Here is a by-the-numbers look at the Lakers’ 78-75 loss to the Miami Heat.
Shots made by Miami outside the paint in the first half. The Heat went off for 38 paint points through the first two quarters, while also pitching in six points at the free throw line. Miami couldn’t find its shot, however, from outside the paint, going 0-for-13 in the first half and 4-for-30 through the whole game. Still, the Heat, which entered the game scoring the second-fewest paint points in the league, bullied L.A. down low. Led by 14 points in the paint from both Mario Chalmers and Hassan Whiteside, the Heat outscored the Lakers in that area, 58-40.
Miami Shot Chart
Lakers who scored a team-high 12 points. Ed Davis, Jordan Hill and Kobe Bryant each pitched in a dozen points, but none could score any more. Aside from Davis (6-for-7), the Lakers starters struggled mightily, shooting just 11-for-48 (22.9 percent) from the field. Bryant was especially cold, as he went 3-for-19 and started the game 1-for-11.
Points racked up by Miami before the Lakers scored. It took the Lakers until the 4:23 mark of the first quarter to get on the scoreboard, by which time they were already down by the game’s biggest margin. Yet L.A. fought back, scoring nine unanswered points to cut the Heat’s lead down to one with 10:18 left in the game. However, the Lakers never managed to grab the lead, as Bryant hit a 3-pointer with 31.3 seconds left to bring the game within three, but he missed the game-tying, buzzer-beating triple.
“We just got off to a terrible start, offensively and defensively,” head coach Byron Scott said. “They got layup after layup. I’ve never seen this stat before: where a team has 44 points before halftime, and they had 38 points in the paint and (shot) six-of-seven from the free throw line. I’ve never seen that.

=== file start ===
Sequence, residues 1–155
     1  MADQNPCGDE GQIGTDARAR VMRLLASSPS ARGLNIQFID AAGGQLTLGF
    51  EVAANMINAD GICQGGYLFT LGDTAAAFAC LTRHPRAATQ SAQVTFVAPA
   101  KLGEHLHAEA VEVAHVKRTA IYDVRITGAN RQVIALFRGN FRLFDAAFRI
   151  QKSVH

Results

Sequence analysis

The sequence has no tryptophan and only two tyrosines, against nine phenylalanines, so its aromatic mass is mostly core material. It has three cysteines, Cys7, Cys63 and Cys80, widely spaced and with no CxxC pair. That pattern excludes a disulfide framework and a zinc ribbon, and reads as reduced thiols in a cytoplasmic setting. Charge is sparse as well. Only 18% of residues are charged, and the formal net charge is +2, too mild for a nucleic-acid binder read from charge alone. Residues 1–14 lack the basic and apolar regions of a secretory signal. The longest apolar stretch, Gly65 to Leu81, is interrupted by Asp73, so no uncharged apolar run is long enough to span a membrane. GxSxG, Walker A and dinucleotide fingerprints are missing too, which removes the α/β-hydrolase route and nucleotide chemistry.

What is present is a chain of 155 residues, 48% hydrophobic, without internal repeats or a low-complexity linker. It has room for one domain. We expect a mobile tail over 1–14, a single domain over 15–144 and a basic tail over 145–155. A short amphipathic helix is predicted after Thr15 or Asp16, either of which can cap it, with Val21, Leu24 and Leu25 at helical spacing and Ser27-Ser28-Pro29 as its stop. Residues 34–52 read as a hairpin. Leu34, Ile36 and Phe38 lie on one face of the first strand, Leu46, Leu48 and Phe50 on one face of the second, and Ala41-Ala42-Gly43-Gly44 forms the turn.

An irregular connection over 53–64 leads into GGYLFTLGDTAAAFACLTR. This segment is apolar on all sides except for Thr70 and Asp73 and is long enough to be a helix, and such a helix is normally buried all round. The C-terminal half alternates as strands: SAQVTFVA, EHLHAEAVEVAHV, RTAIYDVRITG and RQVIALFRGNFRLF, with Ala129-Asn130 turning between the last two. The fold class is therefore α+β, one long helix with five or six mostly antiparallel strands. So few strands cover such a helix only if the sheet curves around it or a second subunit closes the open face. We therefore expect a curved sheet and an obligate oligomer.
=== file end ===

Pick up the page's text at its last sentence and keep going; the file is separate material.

“That was something we addressed and talked about because our pregame talk was to make this team an outside, jump-shooting team. We just didn’t do the things we were supposed to do to start the game, and I thought we were a step behind and a step slow for whatever reason. We dug ourselves a hole, and it’s just hard to keep skating uphill for an entire game.”
Rebounds grabbed by Miami, which began the contest averaging a league-low 36.5 boards per game. Despite having outrebounded each of their last four opponents, the Lakers struggled to contain the Heat on the glass, where Miami enjoyed a six-rebound edge. Despite both sides missing an absurd number of shots (see below), Whiteside and Tarik Black finished as the game’s leading rebounders with just nine apiece.
Shots missed by both teams combined. Despite allowing such a huge outburst to begin the game, the Lakers held the Heat to an opponent-low 78 points by limiting the visitors to a 38.1 percent clip (24-for-63) after they took their initial 18-point lead. The Lakers, however, suffered similar shooting issues, going just 29-for-92 (31.5 percent), including 4-for-23 (17.4 percent) on 3-pointers.
Lakers Shot Chart
“The last couple of days we were talking about embracing the lunch pail of tough, defensive-minded necessary efforts that we have to make,” Miami head coach Erik Spoelstra said. “This might have been our toughest minded win of the season. We’re going through long stretches without making shots, but that didn’t affect our defensive commitment at all throughout the course of the game.”